The Democratic Convention was plagued with an “air of unease” about Barack Obama, a candidate whose character and work few can vouch for, Charles Krauthammer writes in the Washington Post. The “anxiety was that the party was nominating a man of many gifts but precious few accomplishments—bearing even fewer witnesses," he adds. The Clintons and Joe Biden offered little comfort.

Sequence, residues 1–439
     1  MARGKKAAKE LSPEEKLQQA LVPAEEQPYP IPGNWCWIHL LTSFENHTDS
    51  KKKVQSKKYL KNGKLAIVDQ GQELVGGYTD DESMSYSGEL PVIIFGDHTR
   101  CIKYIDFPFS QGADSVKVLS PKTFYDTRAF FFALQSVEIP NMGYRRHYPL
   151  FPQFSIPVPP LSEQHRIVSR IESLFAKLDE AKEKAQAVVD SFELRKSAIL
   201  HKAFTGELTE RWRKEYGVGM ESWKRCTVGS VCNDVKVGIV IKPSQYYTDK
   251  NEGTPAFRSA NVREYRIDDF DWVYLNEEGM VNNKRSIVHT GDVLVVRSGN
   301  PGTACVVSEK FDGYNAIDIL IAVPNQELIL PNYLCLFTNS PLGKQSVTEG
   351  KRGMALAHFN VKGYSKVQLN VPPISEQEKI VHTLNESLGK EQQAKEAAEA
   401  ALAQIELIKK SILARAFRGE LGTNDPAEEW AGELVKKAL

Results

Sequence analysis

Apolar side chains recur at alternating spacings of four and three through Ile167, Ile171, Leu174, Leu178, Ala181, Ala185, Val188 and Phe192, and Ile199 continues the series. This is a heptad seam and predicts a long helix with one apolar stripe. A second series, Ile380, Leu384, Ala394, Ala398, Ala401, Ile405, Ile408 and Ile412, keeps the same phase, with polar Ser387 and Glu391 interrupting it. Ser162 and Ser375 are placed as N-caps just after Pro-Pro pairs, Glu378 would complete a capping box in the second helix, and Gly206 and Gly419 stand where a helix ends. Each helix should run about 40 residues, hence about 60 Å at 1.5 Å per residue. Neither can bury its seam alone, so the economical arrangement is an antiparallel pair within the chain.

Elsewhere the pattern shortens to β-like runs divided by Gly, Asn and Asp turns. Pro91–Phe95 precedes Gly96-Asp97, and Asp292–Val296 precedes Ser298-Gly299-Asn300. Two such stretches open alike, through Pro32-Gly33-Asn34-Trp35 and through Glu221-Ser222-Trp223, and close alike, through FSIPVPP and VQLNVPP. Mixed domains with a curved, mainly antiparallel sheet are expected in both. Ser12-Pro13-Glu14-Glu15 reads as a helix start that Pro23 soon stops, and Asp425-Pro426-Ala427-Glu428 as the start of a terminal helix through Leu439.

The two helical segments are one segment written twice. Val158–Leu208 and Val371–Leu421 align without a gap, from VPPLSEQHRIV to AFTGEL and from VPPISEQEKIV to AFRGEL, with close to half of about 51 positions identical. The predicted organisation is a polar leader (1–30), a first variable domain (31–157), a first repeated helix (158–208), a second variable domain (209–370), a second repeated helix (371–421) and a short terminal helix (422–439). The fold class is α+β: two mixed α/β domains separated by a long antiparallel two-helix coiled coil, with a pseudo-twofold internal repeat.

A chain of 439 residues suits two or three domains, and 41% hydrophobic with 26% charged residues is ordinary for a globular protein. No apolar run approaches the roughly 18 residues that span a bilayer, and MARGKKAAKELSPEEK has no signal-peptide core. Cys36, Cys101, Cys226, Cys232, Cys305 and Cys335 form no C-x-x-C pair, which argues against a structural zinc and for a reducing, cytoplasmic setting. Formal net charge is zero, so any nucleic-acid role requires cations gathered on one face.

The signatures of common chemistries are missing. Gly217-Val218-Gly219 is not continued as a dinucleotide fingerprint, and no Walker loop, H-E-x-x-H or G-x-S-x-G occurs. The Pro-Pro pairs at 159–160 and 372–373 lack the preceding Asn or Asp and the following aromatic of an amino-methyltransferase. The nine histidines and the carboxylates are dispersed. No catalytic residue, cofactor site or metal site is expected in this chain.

After a long primary season, Hillary Clinton was able to provide only “one line of testimony: 'I have come to know this man, to admire this man,'" while Bill offered no evidence to back up his statement that Obama was “ready to lead," writes Krauthammer. "The palpable apprehension is that the anointed is a brilliant stranger with whom the Democrats had a torrid affair"—and now they’re waking up from it, and wondering who they married, he notes.